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On this day in Canadian pop culture: September 10

In 1919, the “Treaty of Saint Germain” was signed, ending the First World War.

In 1939, Canada declared war on Germany. Originally it was thought that Canada’s role would be to supply war materiel to Britain, which had declared war seven days earlier, and Prime Minister Mackenzie King took a stand against conscription. But by 1940, 500,000 Canadians had enlisted and when Japan entered the war a year later, King held a plebiscite which allowed him to begin the draft. In total, almost 42,000 Canadian service personnel died in the Second World War.

In 1960, Halifax International Airport was opened.

In 1985, the federal government announced a series of legal, diplomatic and navigational measures to strengthen Canadian sovereignty in the Arctic. The steps included the immediate increase in the number of military surveillance flights in the Arctic and signing a cabinet order detailing the waters in the vast Arctic archipelago Canada considers to be internal waters.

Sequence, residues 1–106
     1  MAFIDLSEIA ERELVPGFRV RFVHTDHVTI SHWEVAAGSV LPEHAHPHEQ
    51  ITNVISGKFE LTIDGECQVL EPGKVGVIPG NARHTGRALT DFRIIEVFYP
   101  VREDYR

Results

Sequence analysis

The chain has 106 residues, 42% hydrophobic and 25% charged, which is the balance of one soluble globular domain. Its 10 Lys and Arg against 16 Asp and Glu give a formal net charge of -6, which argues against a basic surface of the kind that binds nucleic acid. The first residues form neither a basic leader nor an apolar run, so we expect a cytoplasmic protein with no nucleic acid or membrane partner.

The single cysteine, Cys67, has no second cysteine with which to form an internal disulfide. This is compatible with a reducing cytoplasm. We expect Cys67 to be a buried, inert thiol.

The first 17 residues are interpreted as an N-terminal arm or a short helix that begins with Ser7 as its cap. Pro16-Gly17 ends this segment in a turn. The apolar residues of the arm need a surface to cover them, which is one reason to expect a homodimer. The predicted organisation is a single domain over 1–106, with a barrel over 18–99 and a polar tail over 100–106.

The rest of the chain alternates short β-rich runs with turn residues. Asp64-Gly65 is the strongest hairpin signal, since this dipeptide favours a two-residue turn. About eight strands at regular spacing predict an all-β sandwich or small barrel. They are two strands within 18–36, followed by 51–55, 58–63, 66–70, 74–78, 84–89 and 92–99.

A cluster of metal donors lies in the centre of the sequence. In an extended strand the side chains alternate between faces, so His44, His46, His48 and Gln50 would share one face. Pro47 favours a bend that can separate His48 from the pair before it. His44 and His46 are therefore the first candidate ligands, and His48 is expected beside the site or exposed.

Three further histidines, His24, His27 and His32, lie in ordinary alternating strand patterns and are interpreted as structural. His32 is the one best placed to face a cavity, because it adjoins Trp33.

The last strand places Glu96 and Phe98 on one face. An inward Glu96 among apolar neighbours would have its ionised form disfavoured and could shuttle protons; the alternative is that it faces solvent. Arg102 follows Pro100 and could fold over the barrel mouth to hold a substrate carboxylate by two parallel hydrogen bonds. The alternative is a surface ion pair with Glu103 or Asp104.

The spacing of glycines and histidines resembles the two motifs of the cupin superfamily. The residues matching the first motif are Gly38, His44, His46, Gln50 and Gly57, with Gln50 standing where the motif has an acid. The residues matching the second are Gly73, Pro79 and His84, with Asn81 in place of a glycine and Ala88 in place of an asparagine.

In 2000, Tiger Woods won the Canadian Open golf championship at Glen Abbey golf course in Oakville, Ont. He became the second golfer (Lee Trevino in 1971) to win the U.S. Open, the British Open and the Canadian Open in the same year.

In 2008, Conservative Leader Stephen Harper pledged to withdraw all Canadian troops from Afghanistan in 2011.

In 2010, BCE announced it was buying the rest of the CTV television network it didn’t already own for $1.3 billion. The deal also saw a majority stake in the Globe and Mail pass to the Thomson family, though BCE held on to a 15 per cent stake.

In 2013, the minority Quebec government released its proposals for a “values charter” aimed at restricting religious clothing and symbols worn by employees at all government institutions. The proposals set off a storm of controversy. (The bill died after the Parti Quebecois lost the April 2014 election to the Liberal Party.)

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